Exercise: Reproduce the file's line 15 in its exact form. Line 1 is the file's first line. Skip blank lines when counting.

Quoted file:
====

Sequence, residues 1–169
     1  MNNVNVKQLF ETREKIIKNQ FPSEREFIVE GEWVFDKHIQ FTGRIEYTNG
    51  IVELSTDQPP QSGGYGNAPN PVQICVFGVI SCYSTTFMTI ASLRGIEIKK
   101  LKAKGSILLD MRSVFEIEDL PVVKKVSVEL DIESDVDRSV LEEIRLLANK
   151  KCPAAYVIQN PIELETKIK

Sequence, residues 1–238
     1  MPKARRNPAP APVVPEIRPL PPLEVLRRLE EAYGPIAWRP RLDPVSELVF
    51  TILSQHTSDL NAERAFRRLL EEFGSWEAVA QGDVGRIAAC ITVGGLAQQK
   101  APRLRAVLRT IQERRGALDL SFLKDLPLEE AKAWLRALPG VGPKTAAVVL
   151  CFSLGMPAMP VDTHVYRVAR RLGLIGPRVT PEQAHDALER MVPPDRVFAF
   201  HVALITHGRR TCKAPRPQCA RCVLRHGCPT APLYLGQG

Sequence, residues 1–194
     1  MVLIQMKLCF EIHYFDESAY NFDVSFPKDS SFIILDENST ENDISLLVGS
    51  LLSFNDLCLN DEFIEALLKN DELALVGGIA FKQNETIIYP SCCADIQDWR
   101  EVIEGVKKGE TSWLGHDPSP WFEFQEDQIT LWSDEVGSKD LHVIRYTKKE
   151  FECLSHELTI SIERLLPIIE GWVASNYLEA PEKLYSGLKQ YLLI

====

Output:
   101  EVIEGVKKGE TSWLGHDPSP WFEFQEDQIT LWSDEVGSKD LHVIRYTKKE